In April, 1862, about 10 days after the Battle of Shiloh, the Third crossed the Mississippi into the Western Theatre and joined forces with what became known as the Army of Tennessee spending the rest of the War in Mississippi, Alabama, Georgia, and Tennessee. By the winter of 1862 the clothing of the Third had become well-worn and they were noted as being "barefooted and naked' (though for the sake of safety and modesty, I wouldn't recommend we adopt either of these styles in our re-enactments). In December 1862 the look of the 3rd probably made a visible shift after a successful raid of Union clothing and supplies at Holly Springs. After this raid, my guess is the 3rd would probably be seen wearing a mixture of clothing parts including about 50% civilian style, 25% captured Union items, and 25% military style grey and butternut wool-jean pants, jackets, and kepis.

Late War
Although I have found no official documentation saying so, it seems logical to think that starting about mid-1863, members of the 3rd would have been issued an increasing number of the jackets known to be most popular among the Army of Tennessee. The most popular of these was the blue-trimmed Columbus style, followed by the Atlanta style and the Alabama style. All of which would have been made from various shades of grey or butternut wool-jean material. (See www.fcsutler.com or www.brigadesutler.com for examples of these jackets). So during the Late War period, my guess is the 3rd would have worn a mixture of clothing parts including about 30% civilian style, 20% captured Union items, and 50% Confederate uniform parts including jackets mostly in the Columbus and common styles.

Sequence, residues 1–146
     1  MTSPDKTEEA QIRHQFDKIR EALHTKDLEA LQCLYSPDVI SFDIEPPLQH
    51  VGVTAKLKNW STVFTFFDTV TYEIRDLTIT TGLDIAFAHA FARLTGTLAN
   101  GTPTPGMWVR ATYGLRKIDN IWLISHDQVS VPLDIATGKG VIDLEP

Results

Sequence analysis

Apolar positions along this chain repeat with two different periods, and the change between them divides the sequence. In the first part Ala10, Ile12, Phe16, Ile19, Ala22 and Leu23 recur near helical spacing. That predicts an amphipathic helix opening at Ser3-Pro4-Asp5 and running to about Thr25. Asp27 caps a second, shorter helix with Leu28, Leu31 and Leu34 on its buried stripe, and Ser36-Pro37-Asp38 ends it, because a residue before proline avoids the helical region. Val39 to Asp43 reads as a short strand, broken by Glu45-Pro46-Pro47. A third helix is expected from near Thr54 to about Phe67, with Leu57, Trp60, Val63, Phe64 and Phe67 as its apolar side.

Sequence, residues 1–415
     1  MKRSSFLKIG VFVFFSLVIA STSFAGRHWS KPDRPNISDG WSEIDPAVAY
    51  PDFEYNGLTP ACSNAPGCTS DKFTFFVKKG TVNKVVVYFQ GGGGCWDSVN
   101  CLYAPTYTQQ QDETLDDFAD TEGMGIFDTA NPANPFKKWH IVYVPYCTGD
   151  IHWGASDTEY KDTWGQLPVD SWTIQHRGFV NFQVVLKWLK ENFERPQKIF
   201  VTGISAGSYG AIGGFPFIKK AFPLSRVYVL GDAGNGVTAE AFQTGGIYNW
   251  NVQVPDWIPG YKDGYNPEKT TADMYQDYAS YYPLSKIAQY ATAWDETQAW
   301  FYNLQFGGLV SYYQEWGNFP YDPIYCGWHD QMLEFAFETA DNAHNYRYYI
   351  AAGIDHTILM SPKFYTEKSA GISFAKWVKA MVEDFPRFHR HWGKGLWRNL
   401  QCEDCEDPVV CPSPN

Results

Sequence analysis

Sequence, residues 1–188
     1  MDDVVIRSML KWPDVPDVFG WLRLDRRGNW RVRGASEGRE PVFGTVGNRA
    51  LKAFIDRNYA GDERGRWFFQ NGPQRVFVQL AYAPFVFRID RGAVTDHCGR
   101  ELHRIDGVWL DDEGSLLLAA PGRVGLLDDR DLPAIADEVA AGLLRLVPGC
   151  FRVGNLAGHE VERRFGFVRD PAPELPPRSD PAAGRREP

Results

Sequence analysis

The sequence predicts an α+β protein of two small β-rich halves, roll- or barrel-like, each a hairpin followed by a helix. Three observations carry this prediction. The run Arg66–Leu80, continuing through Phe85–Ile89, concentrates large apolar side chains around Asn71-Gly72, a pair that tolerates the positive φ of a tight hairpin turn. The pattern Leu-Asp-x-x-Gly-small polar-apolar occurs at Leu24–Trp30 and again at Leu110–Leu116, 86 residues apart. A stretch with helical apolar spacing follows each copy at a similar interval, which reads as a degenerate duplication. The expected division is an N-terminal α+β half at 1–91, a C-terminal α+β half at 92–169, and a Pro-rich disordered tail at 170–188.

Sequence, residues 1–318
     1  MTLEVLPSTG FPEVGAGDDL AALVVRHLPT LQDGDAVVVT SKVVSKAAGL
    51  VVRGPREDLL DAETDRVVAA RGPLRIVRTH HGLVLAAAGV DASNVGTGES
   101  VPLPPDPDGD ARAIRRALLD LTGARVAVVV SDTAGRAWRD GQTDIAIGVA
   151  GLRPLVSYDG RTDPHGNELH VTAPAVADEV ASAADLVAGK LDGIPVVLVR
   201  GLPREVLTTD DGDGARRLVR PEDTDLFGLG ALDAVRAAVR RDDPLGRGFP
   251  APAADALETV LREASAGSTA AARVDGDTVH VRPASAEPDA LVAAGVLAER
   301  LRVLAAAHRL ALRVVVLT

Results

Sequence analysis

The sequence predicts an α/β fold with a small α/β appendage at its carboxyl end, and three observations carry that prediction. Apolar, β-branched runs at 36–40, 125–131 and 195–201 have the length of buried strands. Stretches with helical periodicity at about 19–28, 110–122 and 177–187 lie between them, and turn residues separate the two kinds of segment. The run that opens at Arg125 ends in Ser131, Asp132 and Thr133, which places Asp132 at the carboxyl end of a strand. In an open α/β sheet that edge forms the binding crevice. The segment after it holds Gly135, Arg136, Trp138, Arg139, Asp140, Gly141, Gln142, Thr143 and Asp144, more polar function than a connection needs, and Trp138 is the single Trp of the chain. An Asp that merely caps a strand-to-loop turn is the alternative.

Obviously, it is difficult to identify any one style of clothing for a soldier in the historic Third Texas Cavalry. Hopefully these observations will contribute to our informed discussions and promote our efforts to honor past and current soldiers by portraying the lives they lived as accurately as possible.